"a fish, a barrel, and a smoking gun"
for 2 May 1996. Updated every WEEKDAY.

Hit & Run XXXII



We hope Colors's disavowal of

promotional value - it's "not a

catalog in disguise, or an

advertorial" - is a genuine

admission, and not just more

marketing doublespeak, 'cause

we've read the issues cover to

cover and we still don't own any

Benetton clothes. We'd rather

spend the money on the next

issue, anyway - if there is a

next issue. The scuttlebutting

across the coasts and oceans has

it that Founding Editor Tibor

Kalman, already having stepped

down as Editor-in-Chief, is

planning to leave the magazine

entirely, and that Colors might

not continue without him. We

hope the reason for the

magazine's demise aren't

connected to sartorial snobs like

us, more interested in Kalman's

visual acumen than Benetton's

mall chic. If the rumors are

true, we wonder what will become

of Fabrica, Kalman's exercise of

another kind of vision, a think

tank/design firm described as "a

place for sensing and

reassessing the future," where

we can "smell the new world

coming." Located in a

"restructured" 17th century

villa near Venice, Fabrica

sounds like a summer camp for the

digerati - will someone please

tell Mr. Kalman that we haven't

made our vacation plans yet?


[Cigar Journal]

More interesting (though far less

common) than the blurring of the

line between editorial and

advertising is the

all-too-regular occurrence of a

home page with stronger

editorial than most "content"

pages. With essays featuring

such first-person quirks as

Griffin, the journal's

"cigar-buddy," and a disavowal

of the writer being any kind of

"expert," The Cigar Journal is

less a journal in the stodgy

academic sense, and more a

journal in the plaid-covered

blank book from Borders sense.

But given a cultural climate

where even the most obscure

interest - like sipping

daiquiris, bowling, shooting

heroin, or changing the oil of

your car - turn into vaunted

"scenes," it's nice to see

somebody exploring commodity

fetishism just for the flavor.

Obviously, sometimes a cigar is

just a cigar - but when we find

ourselves barely noticing

technicalities such as a hideous

faux-ruled paper background, and

a liberal use of frames, it

might be more.



ABC News did a little Unabomber

bottom-feeding this week, airing

a "story" that Northwestern math

prof Don Saari did some

portentous face time with Ted

Kaczynski way back in 1978. Don

claims Ted unloaded on him about

having an anti-tech screed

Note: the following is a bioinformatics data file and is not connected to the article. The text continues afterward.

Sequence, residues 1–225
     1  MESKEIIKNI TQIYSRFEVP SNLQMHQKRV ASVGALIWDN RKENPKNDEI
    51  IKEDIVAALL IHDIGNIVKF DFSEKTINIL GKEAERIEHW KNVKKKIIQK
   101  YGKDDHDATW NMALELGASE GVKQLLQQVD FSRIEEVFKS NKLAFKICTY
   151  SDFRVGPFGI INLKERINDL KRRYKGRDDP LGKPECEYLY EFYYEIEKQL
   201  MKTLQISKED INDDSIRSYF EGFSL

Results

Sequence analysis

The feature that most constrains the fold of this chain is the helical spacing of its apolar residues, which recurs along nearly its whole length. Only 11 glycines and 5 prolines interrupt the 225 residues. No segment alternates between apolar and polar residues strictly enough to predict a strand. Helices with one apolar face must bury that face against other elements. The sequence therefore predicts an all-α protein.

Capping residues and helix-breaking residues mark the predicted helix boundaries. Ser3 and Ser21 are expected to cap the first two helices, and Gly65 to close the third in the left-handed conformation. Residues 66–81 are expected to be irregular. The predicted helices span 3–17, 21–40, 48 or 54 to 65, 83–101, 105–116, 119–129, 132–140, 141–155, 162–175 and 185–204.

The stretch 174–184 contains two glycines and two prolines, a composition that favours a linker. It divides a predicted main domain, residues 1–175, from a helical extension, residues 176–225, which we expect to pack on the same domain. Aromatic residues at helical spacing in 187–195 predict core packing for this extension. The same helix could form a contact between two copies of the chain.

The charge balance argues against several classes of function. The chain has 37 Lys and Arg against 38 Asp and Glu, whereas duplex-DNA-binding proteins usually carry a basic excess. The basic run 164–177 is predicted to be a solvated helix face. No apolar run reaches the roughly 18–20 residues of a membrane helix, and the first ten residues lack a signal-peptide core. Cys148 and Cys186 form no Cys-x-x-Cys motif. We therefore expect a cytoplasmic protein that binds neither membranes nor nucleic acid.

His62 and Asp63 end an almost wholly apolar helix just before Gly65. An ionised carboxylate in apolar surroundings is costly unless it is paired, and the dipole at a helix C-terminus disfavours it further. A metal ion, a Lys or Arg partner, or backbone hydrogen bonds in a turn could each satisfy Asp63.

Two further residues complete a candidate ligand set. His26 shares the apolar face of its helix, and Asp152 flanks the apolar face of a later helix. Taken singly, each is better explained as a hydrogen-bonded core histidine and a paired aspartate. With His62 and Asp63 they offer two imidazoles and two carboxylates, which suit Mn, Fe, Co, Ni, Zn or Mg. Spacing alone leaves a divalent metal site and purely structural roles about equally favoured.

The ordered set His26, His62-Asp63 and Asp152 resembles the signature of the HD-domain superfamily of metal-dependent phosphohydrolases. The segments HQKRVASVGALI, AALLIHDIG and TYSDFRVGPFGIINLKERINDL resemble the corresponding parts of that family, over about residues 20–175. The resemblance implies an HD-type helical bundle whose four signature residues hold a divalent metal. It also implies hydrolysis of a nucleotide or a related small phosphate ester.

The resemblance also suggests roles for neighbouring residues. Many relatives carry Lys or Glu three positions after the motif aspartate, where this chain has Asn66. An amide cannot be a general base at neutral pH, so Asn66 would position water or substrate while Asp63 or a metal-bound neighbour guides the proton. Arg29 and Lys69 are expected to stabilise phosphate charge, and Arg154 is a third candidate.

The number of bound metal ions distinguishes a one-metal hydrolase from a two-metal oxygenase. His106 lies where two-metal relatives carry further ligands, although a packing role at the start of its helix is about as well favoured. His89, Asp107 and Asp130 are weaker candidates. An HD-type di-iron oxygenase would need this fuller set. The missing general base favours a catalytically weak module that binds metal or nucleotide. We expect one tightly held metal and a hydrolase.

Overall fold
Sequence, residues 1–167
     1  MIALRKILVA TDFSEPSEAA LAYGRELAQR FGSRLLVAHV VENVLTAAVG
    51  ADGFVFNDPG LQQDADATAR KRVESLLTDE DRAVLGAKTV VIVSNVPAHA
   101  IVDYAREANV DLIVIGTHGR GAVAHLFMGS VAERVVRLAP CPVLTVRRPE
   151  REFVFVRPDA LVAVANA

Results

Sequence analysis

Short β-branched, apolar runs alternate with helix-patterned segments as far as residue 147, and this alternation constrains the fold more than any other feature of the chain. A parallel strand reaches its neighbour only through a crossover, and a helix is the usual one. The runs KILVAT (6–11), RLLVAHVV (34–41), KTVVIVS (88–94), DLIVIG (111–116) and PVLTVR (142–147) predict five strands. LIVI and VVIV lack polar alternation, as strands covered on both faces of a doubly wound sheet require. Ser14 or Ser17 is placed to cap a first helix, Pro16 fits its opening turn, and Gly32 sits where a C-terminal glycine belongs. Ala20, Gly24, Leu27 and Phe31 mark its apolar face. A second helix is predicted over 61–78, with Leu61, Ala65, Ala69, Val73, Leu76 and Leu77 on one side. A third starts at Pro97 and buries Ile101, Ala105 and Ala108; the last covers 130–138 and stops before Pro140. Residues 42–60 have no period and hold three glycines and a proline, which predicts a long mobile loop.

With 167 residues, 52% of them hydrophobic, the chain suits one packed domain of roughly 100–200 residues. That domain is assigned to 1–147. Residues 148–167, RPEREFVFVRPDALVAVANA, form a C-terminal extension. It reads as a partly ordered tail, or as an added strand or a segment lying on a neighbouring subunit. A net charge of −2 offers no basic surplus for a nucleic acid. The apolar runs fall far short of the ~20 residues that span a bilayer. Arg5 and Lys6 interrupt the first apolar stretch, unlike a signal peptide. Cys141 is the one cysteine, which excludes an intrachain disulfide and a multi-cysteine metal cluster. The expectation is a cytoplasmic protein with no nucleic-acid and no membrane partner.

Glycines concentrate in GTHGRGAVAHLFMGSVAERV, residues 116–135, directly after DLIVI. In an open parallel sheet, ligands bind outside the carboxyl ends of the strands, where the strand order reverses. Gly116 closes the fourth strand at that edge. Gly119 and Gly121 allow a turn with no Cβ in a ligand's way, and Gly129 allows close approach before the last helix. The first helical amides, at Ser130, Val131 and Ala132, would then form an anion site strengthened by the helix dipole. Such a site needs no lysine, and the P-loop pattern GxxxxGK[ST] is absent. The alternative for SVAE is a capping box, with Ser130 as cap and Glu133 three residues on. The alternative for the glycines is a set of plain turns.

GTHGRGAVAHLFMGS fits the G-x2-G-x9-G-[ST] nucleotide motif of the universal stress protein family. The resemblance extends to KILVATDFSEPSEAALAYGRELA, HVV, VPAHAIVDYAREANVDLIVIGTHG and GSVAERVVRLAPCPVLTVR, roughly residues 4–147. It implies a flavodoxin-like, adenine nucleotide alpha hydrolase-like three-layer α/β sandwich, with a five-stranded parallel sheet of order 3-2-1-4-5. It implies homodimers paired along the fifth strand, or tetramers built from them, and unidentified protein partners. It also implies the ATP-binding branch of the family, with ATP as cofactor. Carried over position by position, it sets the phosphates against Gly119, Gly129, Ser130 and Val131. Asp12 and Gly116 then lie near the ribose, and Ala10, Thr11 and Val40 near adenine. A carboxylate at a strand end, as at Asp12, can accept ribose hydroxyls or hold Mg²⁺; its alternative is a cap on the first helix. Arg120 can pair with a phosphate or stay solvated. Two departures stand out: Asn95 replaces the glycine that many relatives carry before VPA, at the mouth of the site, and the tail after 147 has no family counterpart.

rejected by other campus

professors. Mr. Saari told ABC

that he informed the FBI about

the meeting several times, but

they ignored him, and the

network hinted that the feds'

failure to follow-up allowed Ted

to vaporize a few individuals

and/or some of their favorite

body parts in the meantime.

Problem is, when Don approached

the FBI some sixteen years after

that soon-to-be fabled meeting,

the prof didn't remember Ted's

name, couldn't pick his face out

of any photos shown him, and later

failed to identify the mad

blaster from recent newsreels of

the guy being led away in cuffs.

The feds think Don may be in a

bit of a media swoon, and

apparently ABC got a whiff of

those vapors...



It's hard to decide which is more

unfathomable: the folks at

HotWired actually agreeing with

our focus-group suggestion that

their new Java-based Chat should

look to AOL Chat for

"inspiration," Suck plotting to

appropriate and pervert said

HotWired technology, or our

weak-kneed promises to blurb the

beast while it's in beta in

retaliation for the favor. Sure

to crash browsers the world

over, both the HotWired version

(which requires registration)

and the Suck version (which

won't) are guaranteed to

differentiate themselves with

smart, edgy conversation -

people talking with people about

things that really matter.

Uh-huh. Just remember, the

obnoxious loudmouths who seem to

repeat tenuous "scoops" over and

over are bots. (We're the

"friendly" ones.)



You like to tell about yourself

so that you can then be told

about yourself. You enjoy taking

personality inventories and

standardized tests, and most

often find the results to be

worthy of your time and

attention, although you don't

always put a lot of credence in

the results. You would tend to

think that filling out a

questionnaire in order to create

a "personalized online profile"

of your Web surfing habits is an

intriguing application of

technology. All in all, you move

efficiently across a fairly wide

range of online informational

and entertainment resources, and

try to give quality websites,

like Affinicast, a significant

amount of your time.

courtesy of the Sucksters